# Teaching math

After the input about Intriguing maths I decided to consider the theory behind teaching of math. During the input, we explored Boalers research into the teaching of mathematics within two different settings.
Within the first setting the children were taught with the traditional set methods and procedures much like that of the 5-14 curriculum where the children were taught specific topics and were taught certain methods to solve problems. They found within this setting the children understood the rules and procedures for solving problems but Boaler found after time the children in this setting lost this information.
The second setting provided different math opportunities involving some degree of choice. The children were not provided with the answers or correct way of completing a calculation but were encouraged to find their own methods to finding answers and be able to give reason to their thinking. The setting did less textbook work which focused on specific topics. In this case Boaler found the children to have flexible thinking, can adapt their knowledge of one subject into another and adapt to new challenges.
Two psychologists that could give reasoning to the difference of these two settings and what the children got from their leaning. Piaget views cognitive development as a result of maturation and environmental experiences meaning the children’s original abilities in addition to the experiences they have been provided with have affected the way in which they process information provided. Therefore, the experience of the second setting would be an explanation for the different thinking processes when faced with a problem.
Vygotsky’s social development theory places more emphasis on cultural and social influences than Piaget. Vygotsky views social interaction as a vital part of development of thinking which can be seen within the second setting with teachers asking children to explain their thinking and discuss answers.
Therefore when teaching maths we should be looking into the best possible methods to ensure the children become effective learners and problem solvers.

# Perspectives

Liping Ma defines the Key principles of mathematics as:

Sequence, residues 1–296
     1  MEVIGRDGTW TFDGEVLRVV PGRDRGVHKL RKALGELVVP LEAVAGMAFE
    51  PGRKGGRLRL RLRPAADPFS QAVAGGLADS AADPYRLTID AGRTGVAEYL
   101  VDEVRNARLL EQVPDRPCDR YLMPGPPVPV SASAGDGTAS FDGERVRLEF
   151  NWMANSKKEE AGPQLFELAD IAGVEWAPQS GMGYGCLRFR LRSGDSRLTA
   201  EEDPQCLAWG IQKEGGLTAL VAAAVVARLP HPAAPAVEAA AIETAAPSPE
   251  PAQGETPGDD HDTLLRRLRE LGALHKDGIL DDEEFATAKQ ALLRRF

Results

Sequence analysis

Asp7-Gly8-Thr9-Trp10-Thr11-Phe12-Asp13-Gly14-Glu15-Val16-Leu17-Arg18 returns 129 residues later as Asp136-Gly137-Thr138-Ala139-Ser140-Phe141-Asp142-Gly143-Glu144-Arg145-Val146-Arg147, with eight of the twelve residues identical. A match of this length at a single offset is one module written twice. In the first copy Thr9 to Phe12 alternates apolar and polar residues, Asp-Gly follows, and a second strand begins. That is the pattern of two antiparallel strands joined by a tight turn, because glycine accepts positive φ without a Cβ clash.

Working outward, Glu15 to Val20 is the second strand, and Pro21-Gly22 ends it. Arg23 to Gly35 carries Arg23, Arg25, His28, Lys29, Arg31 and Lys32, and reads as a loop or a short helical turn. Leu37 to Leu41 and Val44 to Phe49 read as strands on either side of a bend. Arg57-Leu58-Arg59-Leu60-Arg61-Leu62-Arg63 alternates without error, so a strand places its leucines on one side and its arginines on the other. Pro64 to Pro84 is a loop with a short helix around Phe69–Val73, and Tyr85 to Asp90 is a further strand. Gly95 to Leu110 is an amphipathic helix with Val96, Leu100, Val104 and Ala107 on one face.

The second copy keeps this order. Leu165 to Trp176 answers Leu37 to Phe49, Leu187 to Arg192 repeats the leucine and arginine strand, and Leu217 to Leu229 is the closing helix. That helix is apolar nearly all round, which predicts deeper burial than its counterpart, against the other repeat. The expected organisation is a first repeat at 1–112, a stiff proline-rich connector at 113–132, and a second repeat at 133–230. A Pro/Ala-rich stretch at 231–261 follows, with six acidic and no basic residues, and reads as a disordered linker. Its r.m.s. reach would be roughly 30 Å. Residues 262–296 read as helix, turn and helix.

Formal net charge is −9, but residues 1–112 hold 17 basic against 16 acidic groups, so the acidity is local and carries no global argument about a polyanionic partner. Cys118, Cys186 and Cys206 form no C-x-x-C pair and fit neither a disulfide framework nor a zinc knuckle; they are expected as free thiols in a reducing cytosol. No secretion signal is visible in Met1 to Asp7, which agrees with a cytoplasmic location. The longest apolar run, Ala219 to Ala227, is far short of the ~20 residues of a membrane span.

• Interconnectedness
• Multiple perspectives
• Basic ideas
• Longitudinal coherence

The principle I will be focusing on in this post is the idea of multiple perspectives in mathematics. Looking into this topic I found a talk by Roger Antonsen who believes mathematics is made up of patterns which he addresses as being connections which you need to find in order to understand. He explains this idea of finding patterns everywhere by considering the different methods of tying a tie and shoe laces.
He begins looking into different perspectives by looking into a simple equation x+x= 2x. The equals sign in this equation shows the break of the two different perspectives. This can be seen through all mathematical equations as something equals something else meaning you are looking at the same thing from two different perspectives.
To strengthen his idea of perspectives and understanding of mathematics giving a greater understanding of the world by looking into the number 4/3. He began looking at the number from the perspective of a decimal then changes the base system to show different perspectives. He then uses lines going around circles at 4/3 and uses then to draw the ‘image of 3/4’.
He then looked at the number from a musical perspective creating the sound of 4/3 then the beat of 4/3. He then looks at the shape created by 4/3 which is an octahedron. He shows how changing perspectives of a shape and taking it apart and reconstructing you learn more about the object.
This talk helped me to understand the importance of perspectives in mathematics as you can never fully understand until you are willing to explore different avenues. If someone is telling a story from one perspective you aren’t getting the full story with all the information which is why it is necessary to have different angles from different people. Therefore, I have grown to understand the importance of perspectives not only in mathematics but in the world around us.